And this leads on to another essential point about baptism. Because while we may not be as generous and trusting towards our Heavenly Father as we ought to be, God Himself has been infinitely generous towards us, towards you and towards me. How? By sending Jesus who gave Himself totally and freely for us by dying in our place for all our selfishness, greed and lack of gratitude.

I said at the beginning of this talk to imagine what it’s like to send present after present year after year without ever receiving any thanks. Imagine what it must be like for God, who as we remember each year at Harvest gives us so much not only year on year, but weekly, daily, hourly. God has the perfect right to demand from us, as He demanded from the rich fool, an account of our life. And when that happens the amount we have in the bank, or the size of our house, or the value of our pension fund, won’t be a lot of use. In fact, they won’t be of any use at all.

That’s the bad news. But the good news – and it’s the one we celebrate in baptism – is that God so loved the world that he gave his one and only Son, that whoever believes in him shall not perish but have eternal life. So when shortly I ask Do you turn to Christ as Lord and Saviour? I am not asking a theoretical question about your own private beliefs. I am asking whether you publicly recognise just how wonderful and generous God has been in sending His Son Jesus to die in our place for our sins.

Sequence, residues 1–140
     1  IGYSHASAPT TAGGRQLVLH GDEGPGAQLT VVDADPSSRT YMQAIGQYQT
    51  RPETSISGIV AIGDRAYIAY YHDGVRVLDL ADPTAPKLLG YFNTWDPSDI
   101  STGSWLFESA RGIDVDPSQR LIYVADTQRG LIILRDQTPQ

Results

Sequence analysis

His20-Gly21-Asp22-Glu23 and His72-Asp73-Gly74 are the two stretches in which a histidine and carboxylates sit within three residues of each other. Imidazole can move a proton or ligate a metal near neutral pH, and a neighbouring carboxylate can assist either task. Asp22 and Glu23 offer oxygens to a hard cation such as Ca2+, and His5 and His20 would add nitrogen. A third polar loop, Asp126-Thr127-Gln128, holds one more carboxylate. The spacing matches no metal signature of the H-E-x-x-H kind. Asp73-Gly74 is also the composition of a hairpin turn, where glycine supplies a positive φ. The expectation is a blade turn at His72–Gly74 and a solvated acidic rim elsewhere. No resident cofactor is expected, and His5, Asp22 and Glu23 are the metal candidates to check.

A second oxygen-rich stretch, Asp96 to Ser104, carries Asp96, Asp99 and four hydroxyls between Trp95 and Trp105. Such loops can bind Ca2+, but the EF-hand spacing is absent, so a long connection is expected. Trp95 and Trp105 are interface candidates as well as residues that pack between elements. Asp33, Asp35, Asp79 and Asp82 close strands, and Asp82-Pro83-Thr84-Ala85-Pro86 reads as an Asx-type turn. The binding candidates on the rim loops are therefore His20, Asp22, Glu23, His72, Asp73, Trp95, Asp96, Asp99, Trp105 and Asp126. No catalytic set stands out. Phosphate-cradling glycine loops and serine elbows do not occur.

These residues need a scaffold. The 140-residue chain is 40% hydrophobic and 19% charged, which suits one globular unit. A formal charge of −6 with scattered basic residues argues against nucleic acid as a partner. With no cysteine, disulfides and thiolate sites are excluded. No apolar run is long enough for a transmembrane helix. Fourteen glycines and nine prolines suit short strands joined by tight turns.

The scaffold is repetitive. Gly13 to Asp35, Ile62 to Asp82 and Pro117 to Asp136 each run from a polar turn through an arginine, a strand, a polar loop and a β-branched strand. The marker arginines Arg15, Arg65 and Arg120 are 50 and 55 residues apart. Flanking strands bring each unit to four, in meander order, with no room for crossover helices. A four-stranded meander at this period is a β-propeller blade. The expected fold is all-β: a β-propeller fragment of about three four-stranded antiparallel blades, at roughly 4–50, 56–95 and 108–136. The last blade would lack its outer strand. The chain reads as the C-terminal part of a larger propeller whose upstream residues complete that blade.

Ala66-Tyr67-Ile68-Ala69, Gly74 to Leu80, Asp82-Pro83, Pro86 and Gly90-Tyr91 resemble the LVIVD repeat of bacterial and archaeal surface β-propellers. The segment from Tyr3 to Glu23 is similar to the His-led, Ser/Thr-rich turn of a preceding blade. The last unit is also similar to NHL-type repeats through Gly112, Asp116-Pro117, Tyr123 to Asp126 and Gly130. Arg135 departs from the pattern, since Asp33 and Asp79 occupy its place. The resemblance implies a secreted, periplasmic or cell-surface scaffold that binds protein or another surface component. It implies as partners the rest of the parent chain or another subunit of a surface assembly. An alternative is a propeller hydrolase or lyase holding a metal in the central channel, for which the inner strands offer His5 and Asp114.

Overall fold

Now there’s much, much more I could say about God’s generous gift of His Son to us. If you want to find out more, it’s not too late to join our Christianity Explored course we are currently running. You could even be brave and talk to me later about why it is just so important to believe and trust in Jesus Christ, or indeed with any other question you might have about the Christian faith.

But for now I want to finish by returning to the question I raised at the beginning of the service – what it means to be thankful to God.

Because I hope you can see by now it involves more than just coming to church for a special occasion such as Harvest or a baptism. Thankfulness is more than the words we say on a Sunday or the songs of praise we sing. It’s about offering the whole of our lives – including our goods, our money, our possessions – to God because we recognise everything is a gift from Him. It’s about responding to the generous gift of His Son Jesus with faith and love and obedience.

Thankfulness, in short, is whole new way of living. The Bible calls it grace. And at this Harvest time, when we focus so much on the grace of God to us, may I ask: do you know this grace of God I am talking about? And if you do, how much does the grace of God shape your life? This morning, today and every day? As we come now to this baptism, these are questions all of us need to answer for ourselves.